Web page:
Help Yourself: A Beginner Hiker's Guide to Boots and Packs

by Shelly Ingraham, Girls Who Hike New York Ambassador

Real talk: It doesn’t have to be expensive to hike. Many people get caught up with the brand names. They think they aren’t a hiker unless they are on a trail, covered in North Face, or they need that Osprey bag because nothing else will cut it. That’s simply not true. People tend to focus on the names rather than on the gear they need. Today we’re going to talk basics: boots and packs.

Everything I’ve read about hiking says not to skimp on your footwear and your pack. This is one thing I 100% agree with. If you read Jennifer Reyes’ blog “Finding Affordable Gear,” you should already have an idea of how to find cost-effective gear. There is one spot, however, you don’t want to buy secondhand: your footwear! Yes, boots are expensive, but it will cost you far more in the long run if you injure yourself because of improper footwear than the initial spend on new boots. 

If you aren’t sure how to pick the exact boot type that you’ll need, REI has a great guide you can read by clicking here or you can read Backpacker’s guide by clicking here. Both of these guides will assist you in picking the best boot for your needs. Things to keep in mind when purchasing the best boot is what you’ll be doing in it. Thru hikers have different needs than day hikers. Do you roll your ankle easily? Make a point to look for something with ankle support. 

I love thrifting. I prefer to purchase things secondhand if I can, but footwear isn’t a good thing to pick and I’ll tell you why. Those shoes have already been broken in, but to someone else's feet, and tread patterns. This can cause issues you don’t want. 

Now it’s time to talk packs. There are two things to keep in mind when purchasing a backpack. What size do you need, and what are you going to do with it? I found my bag, a Kelty Redtail, on a local Facebook Buy/Sell group for $25. It’s not the latest model, but I’ve taken this bag all over the country. While I won’t deny sometimes I get jealous looking at other girls and their fancy bags (my hip strap doesn't even have pockets), my bag fits my needs (mostly day hikes) and I haven’t found the need to replace it yet.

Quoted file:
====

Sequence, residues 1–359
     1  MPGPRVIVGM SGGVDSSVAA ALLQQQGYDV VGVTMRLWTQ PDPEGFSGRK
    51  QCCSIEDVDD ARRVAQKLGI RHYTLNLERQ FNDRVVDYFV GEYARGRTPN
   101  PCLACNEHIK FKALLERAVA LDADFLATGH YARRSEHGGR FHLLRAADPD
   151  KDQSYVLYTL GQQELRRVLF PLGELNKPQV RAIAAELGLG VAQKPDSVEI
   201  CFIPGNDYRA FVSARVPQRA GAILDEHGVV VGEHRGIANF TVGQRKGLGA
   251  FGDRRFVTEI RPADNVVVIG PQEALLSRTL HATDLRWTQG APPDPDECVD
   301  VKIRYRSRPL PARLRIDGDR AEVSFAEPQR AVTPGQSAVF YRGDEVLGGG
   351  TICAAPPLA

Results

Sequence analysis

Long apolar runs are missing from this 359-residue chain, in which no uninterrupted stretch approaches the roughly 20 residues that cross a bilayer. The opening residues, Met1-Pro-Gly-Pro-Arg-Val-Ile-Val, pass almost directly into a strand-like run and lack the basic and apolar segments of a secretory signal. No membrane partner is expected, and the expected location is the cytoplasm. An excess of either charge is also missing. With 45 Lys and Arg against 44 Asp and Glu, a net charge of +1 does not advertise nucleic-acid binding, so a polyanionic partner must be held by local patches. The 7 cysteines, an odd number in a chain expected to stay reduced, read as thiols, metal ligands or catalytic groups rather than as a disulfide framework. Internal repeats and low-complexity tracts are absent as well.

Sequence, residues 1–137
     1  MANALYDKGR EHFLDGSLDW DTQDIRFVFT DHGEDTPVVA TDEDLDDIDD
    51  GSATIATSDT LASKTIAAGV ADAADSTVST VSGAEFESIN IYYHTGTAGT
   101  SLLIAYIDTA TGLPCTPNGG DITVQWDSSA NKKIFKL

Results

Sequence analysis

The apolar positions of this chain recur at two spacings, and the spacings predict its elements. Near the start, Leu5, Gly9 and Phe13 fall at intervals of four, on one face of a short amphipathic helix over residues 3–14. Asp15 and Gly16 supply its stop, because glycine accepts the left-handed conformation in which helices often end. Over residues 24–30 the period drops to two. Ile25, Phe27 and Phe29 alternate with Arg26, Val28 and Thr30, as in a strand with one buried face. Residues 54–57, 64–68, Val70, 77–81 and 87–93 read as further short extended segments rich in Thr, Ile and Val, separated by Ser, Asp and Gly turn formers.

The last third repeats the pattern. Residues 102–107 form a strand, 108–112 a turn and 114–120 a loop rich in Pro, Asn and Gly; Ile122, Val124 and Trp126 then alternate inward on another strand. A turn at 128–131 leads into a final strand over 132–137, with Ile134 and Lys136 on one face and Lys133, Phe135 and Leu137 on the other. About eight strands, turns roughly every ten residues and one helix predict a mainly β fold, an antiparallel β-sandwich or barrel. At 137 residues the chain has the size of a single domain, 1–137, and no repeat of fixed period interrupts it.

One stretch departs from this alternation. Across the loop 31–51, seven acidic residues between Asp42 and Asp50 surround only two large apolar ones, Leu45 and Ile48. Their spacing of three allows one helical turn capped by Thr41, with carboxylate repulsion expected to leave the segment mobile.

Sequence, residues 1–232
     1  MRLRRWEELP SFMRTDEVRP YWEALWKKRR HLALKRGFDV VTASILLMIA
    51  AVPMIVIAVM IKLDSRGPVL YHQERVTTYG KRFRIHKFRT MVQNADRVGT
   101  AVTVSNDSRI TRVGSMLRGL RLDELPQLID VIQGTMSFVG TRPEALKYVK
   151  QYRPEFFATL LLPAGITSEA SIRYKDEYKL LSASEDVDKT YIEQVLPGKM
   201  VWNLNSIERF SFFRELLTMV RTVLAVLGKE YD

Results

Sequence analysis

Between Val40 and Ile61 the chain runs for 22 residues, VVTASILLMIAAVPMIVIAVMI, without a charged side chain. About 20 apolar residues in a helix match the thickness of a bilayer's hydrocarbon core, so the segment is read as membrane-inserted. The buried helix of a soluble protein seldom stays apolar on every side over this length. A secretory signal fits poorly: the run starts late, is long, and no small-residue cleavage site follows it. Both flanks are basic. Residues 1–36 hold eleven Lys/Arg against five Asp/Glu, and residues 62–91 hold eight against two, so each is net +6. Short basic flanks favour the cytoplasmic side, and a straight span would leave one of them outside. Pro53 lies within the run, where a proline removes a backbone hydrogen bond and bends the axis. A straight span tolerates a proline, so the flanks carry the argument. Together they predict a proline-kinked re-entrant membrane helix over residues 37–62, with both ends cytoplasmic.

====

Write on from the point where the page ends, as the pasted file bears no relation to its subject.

Don’t buy a bag based off some girl you saw on Instagram. Buy a bag based off what you are going to do. For day hikes, you’ll need something completely different than if you’ll be doing a thru hike. Another really important thing to do is to make sure your pack is the correct size.

Some brands are unisex, others are for men and still others are geared just to woman. It’s up to you to pick what you prefer, but either get professionally fitted (any place selling packs should be able to fit you) or learn how to measure yourself by clicking here. Believe me, your back will thank you for it. Once you’ve been fitted, don’t pay full price; grab a second hand bag and use it while you figure out more about what you might need. 

Don’t pick a pack that’s too big for your needs. If you intend to do day hikes, something between 20-35l should suffice. My bag is just a 30l and it truly fits all my gear. I’ve taken it on overnights and a few multi days. Again, each person is different. What works for me (a die hard minimalist) may not work for you. You’ve got to find your balance. 

Not sure about a boot or a bag? Read the reviews or pop in to the Facebook group, Backpacking Gear Reviews & FAQS, it’s a great resource. Need to find a secondhand bag? Facebook has a plethora of groups dedicated to the buying, selling, and trading of hiking gear. Above all, don’t be afraid to ask questions and don’t skimp on your feet and your pack.

Happy hikes!
 


Shelly is the Ambassador for our New York chapter. You can join her local meetups and discussions through the New York chapter by clicking here.

To become a member of Girls Who Hike, click here.

Sharron McBrideComment